First it was politics, now it is the economy. The worst economic performance since 1Q 2013 is another wake-up call for the eurozone’s largest economy to take action
The swan songs and obituaries on the golden decade of the German economy were already waiting in the wings (and devastating headlines had already been prepared). Monthly data over the last few months was simply too bad not to expect a disappointing 3Q performance of the German economy. The just-released first estimate of 3Q GDP confirms the negative gut feeling.
According to the first release of the statistical agency, the German economy had its worst performance in 3Q since the first quarter of 2013, shrinking by 0.2 % quarter-on-quarter - the first quarterly drop since the 1Q 2015. On the year, the economy still grew by 1.1%. The GDP components will only be released at the end of the month, but available monthly data suggests that net exports were the main drag on growth, while investments and the construction sector were growth-supportive. Private consumption declined.
A mix of one-offs and more worrying structural factors
The disappointing performance of the German economy in the third quarter can be explained by several one-off factors but also some more worrying structural developments. Problems with the emission norms created severe production problems in the automotive industry, higher energy prices completely erased previous wage increases and also don't underestimate the negative confidence effect from the World Cup. We don't dare to predict the performance of the national football team, but at least the automotive sector should rebound in the coming months, and somewhat lower energy prices should revamp private consumption. However, the poor export performance, despite a weak euro exchange rate, suggests that trade tensions and weaknesses in emerging markets could continue to weigh on Germany's growth performance.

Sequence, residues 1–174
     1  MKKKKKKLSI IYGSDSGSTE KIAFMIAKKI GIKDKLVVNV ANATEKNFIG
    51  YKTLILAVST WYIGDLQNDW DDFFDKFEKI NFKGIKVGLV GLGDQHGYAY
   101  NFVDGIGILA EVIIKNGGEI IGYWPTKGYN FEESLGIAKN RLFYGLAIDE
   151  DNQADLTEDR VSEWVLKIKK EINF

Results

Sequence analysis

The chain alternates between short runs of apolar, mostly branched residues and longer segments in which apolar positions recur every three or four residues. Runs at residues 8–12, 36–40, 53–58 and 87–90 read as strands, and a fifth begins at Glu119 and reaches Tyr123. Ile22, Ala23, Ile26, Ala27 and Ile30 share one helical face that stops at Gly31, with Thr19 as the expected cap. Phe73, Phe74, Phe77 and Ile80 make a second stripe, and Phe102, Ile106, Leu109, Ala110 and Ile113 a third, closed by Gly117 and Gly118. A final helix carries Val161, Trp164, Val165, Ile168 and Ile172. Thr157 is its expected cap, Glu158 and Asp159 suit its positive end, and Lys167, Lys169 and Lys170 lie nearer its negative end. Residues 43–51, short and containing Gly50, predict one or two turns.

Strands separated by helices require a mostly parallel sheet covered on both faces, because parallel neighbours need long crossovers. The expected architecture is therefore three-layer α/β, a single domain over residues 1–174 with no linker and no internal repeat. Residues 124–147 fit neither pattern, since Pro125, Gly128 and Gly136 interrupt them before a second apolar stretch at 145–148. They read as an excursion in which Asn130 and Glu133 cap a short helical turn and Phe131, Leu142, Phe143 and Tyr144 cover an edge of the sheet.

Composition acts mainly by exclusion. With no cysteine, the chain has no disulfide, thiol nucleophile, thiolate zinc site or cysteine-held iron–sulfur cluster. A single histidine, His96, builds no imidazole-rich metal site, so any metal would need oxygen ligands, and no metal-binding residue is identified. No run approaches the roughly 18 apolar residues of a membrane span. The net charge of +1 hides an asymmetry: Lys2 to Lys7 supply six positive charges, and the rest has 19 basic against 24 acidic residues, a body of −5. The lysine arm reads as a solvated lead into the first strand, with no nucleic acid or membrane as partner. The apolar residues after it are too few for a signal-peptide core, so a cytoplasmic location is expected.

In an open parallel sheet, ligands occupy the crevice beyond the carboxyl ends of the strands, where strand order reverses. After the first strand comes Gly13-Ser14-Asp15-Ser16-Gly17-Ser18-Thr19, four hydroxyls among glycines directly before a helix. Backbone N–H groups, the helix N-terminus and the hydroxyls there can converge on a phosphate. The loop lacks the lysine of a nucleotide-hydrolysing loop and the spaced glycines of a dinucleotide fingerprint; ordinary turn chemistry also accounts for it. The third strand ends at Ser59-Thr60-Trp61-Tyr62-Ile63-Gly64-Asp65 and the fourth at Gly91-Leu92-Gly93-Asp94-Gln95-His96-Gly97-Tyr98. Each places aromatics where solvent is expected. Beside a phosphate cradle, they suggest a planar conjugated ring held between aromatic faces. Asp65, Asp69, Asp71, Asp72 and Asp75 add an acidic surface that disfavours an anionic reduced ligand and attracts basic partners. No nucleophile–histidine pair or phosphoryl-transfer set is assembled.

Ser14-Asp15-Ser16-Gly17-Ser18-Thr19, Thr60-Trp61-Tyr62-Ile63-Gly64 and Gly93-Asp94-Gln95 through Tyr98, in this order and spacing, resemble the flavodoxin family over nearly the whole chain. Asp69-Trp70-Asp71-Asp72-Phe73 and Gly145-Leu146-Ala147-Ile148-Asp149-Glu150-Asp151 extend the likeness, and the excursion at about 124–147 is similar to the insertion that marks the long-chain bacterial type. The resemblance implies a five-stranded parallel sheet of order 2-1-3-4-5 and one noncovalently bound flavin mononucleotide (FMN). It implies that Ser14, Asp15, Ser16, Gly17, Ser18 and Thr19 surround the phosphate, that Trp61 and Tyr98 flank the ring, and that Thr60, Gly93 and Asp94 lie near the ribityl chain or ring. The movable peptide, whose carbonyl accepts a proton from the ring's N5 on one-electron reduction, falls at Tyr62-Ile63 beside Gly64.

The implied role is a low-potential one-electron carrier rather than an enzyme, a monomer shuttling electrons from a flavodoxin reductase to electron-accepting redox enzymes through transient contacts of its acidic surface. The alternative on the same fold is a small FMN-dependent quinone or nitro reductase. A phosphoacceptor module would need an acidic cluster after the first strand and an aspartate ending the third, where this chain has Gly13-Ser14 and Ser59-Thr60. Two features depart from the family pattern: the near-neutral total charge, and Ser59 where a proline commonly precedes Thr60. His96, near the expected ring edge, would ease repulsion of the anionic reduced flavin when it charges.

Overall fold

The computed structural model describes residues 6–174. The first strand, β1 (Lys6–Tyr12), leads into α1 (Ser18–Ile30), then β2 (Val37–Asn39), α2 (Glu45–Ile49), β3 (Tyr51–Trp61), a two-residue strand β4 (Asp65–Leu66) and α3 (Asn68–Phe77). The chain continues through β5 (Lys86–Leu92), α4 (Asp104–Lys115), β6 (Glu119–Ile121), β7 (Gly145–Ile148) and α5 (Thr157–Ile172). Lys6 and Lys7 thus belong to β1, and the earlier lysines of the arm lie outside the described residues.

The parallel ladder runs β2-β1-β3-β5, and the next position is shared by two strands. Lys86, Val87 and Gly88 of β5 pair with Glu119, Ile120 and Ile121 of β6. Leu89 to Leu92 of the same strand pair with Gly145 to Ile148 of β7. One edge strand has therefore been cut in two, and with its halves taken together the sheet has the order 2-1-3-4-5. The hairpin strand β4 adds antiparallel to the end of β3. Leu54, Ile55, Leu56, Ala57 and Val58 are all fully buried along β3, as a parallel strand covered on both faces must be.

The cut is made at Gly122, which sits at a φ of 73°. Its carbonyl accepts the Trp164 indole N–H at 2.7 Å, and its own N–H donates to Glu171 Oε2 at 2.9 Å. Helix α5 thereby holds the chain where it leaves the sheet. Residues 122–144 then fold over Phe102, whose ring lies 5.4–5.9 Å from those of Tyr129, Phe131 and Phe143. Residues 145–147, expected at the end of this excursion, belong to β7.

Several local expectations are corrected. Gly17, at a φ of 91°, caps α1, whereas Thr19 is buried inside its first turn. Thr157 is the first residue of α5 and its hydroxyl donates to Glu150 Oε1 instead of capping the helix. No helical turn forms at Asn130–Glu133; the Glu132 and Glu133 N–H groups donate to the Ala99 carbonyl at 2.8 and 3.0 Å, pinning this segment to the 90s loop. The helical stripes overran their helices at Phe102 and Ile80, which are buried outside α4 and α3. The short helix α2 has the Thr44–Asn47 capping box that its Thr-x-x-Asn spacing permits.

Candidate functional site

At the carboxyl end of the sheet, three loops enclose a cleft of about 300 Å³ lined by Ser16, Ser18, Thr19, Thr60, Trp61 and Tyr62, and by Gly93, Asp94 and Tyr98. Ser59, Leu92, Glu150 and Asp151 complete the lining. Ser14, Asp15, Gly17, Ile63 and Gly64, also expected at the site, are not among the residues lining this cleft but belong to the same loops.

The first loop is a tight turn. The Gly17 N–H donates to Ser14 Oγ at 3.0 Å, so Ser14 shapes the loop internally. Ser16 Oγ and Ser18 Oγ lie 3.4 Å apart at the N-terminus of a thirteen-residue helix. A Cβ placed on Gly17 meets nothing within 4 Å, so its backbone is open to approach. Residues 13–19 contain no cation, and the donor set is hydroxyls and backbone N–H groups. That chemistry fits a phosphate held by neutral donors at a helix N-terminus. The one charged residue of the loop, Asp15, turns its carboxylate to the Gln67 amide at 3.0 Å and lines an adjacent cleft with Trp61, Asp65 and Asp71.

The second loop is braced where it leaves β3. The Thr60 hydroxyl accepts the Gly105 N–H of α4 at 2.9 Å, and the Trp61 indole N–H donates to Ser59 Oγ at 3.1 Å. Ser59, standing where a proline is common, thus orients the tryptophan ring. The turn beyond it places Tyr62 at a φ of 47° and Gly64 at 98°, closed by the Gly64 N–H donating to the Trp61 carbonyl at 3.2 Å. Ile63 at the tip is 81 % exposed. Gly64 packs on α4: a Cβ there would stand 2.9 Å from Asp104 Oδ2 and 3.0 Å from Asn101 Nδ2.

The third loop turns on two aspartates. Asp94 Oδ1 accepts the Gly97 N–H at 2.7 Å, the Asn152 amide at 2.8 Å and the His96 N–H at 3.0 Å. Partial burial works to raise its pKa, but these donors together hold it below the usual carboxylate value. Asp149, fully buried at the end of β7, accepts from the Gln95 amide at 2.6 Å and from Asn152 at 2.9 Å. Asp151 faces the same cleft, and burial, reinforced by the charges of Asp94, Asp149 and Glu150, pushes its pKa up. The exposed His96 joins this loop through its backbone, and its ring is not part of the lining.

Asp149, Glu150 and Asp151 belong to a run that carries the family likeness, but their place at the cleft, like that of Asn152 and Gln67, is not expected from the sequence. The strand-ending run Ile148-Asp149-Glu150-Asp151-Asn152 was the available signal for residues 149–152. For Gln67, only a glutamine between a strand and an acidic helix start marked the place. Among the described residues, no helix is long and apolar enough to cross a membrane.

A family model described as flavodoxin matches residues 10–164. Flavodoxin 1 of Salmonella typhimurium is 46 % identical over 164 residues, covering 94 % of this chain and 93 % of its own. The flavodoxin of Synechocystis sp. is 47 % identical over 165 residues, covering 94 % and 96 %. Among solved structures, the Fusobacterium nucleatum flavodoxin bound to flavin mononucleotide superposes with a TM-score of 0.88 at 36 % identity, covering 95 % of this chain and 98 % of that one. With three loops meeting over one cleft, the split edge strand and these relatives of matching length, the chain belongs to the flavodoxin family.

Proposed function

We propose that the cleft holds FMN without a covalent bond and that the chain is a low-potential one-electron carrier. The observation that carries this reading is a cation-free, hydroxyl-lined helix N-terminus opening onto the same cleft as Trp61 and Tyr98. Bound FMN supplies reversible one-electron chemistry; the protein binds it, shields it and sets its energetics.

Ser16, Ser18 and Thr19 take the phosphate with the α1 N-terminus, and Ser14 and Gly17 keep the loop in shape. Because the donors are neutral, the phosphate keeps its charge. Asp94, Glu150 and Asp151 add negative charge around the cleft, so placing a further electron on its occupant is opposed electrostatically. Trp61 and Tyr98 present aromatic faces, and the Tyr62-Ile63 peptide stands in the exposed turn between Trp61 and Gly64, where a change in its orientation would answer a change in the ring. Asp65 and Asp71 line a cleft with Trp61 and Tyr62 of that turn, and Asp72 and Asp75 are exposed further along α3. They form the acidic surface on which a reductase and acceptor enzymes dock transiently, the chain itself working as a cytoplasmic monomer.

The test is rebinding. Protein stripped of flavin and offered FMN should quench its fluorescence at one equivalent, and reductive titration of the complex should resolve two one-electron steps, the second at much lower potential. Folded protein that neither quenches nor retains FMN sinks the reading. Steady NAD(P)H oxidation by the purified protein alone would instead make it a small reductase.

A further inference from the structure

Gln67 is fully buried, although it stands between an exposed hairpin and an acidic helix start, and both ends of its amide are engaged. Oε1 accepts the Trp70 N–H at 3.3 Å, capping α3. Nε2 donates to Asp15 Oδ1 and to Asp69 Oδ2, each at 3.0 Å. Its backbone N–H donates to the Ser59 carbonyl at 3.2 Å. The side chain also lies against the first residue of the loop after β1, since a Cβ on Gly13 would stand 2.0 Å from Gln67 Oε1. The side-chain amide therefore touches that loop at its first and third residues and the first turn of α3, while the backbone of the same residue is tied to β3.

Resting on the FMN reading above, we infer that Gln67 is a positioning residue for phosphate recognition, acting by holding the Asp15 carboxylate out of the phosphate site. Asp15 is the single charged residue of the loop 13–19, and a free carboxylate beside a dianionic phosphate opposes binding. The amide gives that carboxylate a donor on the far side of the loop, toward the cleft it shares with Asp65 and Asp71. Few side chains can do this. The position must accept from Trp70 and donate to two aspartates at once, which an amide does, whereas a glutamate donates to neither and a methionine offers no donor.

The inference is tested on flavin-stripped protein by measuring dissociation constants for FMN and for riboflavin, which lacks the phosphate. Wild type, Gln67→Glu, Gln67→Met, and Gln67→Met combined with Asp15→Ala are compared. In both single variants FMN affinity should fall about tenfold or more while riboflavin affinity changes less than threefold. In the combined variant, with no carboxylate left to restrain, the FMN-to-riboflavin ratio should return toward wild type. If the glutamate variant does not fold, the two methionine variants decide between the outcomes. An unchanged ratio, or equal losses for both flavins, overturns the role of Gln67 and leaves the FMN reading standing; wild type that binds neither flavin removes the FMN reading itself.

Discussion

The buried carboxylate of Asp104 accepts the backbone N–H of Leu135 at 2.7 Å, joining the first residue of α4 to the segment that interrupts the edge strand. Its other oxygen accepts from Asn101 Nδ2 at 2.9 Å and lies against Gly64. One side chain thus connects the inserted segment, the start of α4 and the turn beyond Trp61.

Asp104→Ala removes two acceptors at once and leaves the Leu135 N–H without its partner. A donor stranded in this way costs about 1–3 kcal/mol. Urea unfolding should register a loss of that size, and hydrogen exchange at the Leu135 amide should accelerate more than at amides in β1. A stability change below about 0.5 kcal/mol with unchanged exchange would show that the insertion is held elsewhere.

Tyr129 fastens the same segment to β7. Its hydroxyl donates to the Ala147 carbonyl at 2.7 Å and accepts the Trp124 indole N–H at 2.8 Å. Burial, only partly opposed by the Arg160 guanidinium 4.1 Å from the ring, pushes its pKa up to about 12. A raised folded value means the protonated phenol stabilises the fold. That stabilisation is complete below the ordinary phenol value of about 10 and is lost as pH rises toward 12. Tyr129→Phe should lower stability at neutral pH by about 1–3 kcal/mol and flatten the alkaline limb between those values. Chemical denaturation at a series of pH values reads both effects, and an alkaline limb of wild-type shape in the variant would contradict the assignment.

Looking ahead, the late-cycle economy is likely to fluctuate between hopeful and worrying news and developments. Low interest rates, a weak euro and some fiscal stimulus, as well as the reversal of adverse one-off factors are strong arguments in favour of a growth rebound in the coming quarters. At the same time, however, dropping capacity utilisation and increasing external risks put a lid on any upside potential.
In sum, the outlook for the German economy is still positive and swan songs will have a short shelf-life, but the reputation of the invincible strong man (or woman) of Europe has received some scratches. After the latest political developments, today's disappointing growth data is yet another wake-up call that political stability and strong growth are by no means a given.
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